On the day I collected my first, and so far only, Porsche I was asked by a colleague at work if it was the realization of a boyhood dream. Sad to say for me, when I was a boy Porsche were not exactly a household name in the motoring world. So, no, that wasn't the motivation.

I have owned quite a wide variety of cars in my 45 years motoring, starting with an Austin A35 (948cc) and then an Austin Westminster (3 litres), before getting the sports car bug with two Austin Healey Sprites in succession, firstly a 948cc Mkll and then an 1100cc Mklll which had the luxury of wind up windows. That was when I started in motorsport and with these two cars I tried my hand at virtually every form of event. When I left school to start work, in 1960 at the age of 17, it wasn't the norm to get a car. You saved up and bought a motorbike, mine being a Triumph Tiger Cub (200cc) and then a Triumph Thunderbird (650cc) - a quantum leap! Incidentally all those vehicles also gave me a great understanding of mechanics - if it broke down, you fixed it yourself, unless you were pretty well off.

But I digress. The journey from then to a Porsche was the usual trip through mundane cars big enough to carry a family, until I took my first early retirement in 1993. Curiously it was during the first few weeks of idleness that three test drive offers came in. One was in a Volvo, for which I received a free Sony Walkman, and the second was from Rolls-Royce, whose dreadful marketing meant I never got that test drive as their only available vehicle was shared between dealers in Glasgow and Edinburgh. The third offer was from Porsche in Reading. I never thought that a Porsche was within my reach, but then I remember thinking that before I bought the first of my two BMWs. Amazing how one's perception of wealth changes.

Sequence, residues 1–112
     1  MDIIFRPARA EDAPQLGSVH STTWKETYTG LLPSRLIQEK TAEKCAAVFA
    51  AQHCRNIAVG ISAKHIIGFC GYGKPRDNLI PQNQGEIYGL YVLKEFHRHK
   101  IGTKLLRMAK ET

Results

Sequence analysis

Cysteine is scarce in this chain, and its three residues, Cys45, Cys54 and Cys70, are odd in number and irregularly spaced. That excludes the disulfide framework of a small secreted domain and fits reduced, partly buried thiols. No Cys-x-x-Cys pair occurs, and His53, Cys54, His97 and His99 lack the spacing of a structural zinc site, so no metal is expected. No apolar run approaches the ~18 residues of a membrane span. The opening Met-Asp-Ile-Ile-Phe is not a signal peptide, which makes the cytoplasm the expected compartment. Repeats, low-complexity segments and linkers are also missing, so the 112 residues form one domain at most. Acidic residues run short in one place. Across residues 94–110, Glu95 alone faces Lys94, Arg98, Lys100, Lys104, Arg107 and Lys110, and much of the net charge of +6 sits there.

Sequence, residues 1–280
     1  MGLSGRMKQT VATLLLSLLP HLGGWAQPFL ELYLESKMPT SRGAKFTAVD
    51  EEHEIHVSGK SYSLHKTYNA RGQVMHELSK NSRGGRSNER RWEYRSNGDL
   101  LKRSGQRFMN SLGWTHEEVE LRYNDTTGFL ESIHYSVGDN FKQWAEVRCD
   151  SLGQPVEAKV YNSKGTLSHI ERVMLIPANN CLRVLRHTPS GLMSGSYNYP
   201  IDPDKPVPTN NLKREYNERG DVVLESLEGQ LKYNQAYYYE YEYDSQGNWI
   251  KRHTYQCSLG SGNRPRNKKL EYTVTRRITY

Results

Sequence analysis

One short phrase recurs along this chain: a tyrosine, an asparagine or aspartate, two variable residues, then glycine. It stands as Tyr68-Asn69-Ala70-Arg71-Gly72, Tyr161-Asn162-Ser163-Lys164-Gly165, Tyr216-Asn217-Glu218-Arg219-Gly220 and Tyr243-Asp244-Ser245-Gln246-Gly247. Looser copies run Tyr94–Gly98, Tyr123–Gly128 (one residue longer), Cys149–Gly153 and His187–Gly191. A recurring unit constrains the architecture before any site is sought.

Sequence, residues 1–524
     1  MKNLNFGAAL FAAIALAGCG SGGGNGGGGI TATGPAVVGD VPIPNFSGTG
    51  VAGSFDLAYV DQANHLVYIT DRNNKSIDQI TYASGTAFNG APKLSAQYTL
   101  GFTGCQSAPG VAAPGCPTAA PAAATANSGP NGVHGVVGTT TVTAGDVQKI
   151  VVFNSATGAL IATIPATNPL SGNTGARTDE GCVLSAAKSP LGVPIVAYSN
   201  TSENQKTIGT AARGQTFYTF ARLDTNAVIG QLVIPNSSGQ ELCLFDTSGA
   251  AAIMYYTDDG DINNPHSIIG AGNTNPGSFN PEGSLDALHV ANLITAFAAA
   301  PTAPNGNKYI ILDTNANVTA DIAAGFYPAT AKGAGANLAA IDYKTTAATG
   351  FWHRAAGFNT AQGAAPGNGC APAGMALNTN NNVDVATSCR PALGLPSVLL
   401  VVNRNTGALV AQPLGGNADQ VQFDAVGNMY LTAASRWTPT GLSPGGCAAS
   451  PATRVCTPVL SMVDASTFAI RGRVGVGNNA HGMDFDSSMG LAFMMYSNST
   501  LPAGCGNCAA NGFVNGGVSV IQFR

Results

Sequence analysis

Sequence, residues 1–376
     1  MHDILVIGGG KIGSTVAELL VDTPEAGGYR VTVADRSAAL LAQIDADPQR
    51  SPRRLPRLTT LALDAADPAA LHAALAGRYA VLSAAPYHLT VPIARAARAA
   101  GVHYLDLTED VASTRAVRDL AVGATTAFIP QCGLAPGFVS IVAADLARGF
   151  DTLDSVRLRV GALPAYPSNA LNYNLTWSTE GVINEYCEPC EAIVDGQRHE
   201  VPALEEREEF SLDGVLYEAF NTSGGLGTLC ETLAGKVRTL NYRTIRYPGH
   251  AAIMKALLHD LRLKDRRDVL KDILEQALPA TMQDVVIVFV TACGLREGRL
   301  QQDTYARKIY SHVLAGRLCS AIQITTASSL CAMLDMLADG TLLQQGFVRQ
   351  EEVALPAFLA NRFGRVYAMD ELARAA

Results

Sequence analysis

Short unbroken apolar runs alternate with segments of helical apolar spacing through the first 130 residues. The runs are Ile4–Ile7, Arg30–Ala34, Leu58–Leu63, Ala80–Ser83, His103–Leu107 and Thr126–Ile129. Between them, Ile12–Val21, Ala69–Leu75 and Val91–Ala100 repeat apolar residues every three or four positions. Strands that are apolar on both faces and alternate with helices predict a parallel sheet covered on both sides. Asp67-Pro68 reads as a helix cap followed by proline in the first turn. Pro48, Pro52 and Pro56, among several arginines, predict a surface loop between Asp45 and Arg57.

A call to the Glasgow OPC, fortunately only about two miles away, set up a test drive within days. It was the launch of the then new 993 as I recall. A very nice Brazilian, Flavio by name but drove like Emmerson Fittipaldi, took me out into the country. His first demonstration was to show the advantages of ABS. I was pinned to the back of the seat as he floored the loud pedal before jamming his foot on the brakes - all this in sluicing rain with a steady stream of traffic coming in the other direction. Very impressive of course. Shortly he handed the car over to me and offered to go wherever I pleased. I had heard all the apocryphal stories about the handling of 911 models so no heroics, but I was hooked.